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Artistic view of a Male Pteronarcys californica (Pteronarcyidae) (Giant Salmonfly) Stonefly Adult from the Gallatin River in Montana
Salmonflies
Pteronarcys californica

The giant Salmonflies of the Western mountains are legendary for their proclivity to elicit consistent dry-fly action and ferocious strikes.

Lateral view of a Psychodidae True Fly Larva from Mystery Creek #308 in Washington
This wild-looking little thing completely puzzled me. At first I was thinking beetle or month larva, until I got a look at the pictures on the computer screen. I made a couple of incorrect guesses before entomologist Greg Courtney pointed me in the right direction with Psychodidae. He suggested a possible genus of Thornburghiella, but could not rule out some other members of the tribe Pericomini.
27" brown trout, my largest ever. It was the sub-dominant fish in its pool. After this, I hooked the bigger one, but I couldn't land it.
Troutnut is a project started in 2003 by salmonid ecologist Jason "Troutnut" Neuswanger to help anglers and fly tyers unabashedly embrace the entomological side of the sport. Learn more about Troutnut or support the project for an enhanced experience here.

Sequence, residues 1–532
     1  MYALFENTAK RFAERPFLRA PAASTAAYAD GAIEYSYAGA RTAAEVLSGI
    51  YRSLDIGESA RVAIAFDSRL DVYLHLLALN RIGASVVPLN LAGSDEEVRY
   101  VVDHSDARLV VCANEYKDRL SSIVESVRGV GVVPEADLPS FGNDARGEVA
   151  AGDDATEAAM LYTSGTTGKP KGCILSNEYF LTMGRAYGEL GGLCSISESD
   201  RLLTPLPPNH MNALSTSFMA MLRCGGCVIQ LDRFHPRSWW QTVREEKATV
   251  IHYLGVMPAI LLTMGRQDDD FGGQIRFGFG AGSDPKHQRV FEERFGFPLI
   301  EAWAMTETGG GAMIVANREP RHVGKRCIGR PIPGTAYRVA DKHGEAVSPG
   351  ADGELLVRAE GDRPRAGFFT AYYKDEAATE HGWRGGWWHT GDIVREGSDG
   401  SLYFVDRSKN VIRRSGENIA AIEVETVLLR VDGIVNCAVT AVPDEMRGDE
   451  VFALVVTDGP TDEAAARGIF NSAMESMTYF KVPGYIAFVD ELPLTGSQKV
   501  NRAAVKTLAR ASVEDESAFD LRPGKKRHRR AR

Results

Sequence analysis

Updates from March 21, 2013

Updates from March 21, 2013

Closeup insects by Entoman from the Lower Yuba River in California

Female Skwala curvata (Perlodidae) (Large Springfly) Stonefly Adult from the Lower Yuba River in California
This female dropped her eggs just before this photo was snapped. The distinctive notch in the subgenital plate identifies the species. An interesting observation is how active they get when exposed to direct sunlight. Trying to stage this specimen was most difficult. In the shade it would calm right down, but when exposed to direct sun it would immediately go nuts, scampering all over quickly without pause. Perhaps this explains why they don't seem to be found out and about on overcast days, but if the sun peeks out... She was 24 mm long, head to wingtip.
Hesperoperla pacifica (Perlidae) (Golden Stone) Stonefly Nymph from the Lower Yuba River in California
This monster started to feed within a few minutes of sharing the inspection tray with its victims. This nymph is a voracious predator of small invertebrates and has even been noted for feeding on small fish and salmonid alevins. The niche it fills in fast water is equivalent to the Dragonfly nymphs that inhabit slower water.

Hesperoperla pacifica nymphs are easily distinguished from other western perlids by the presence of anal gills (obfuscated by algae in the tray) in combination with an hour glass shaped pale mark on the front of their heads.

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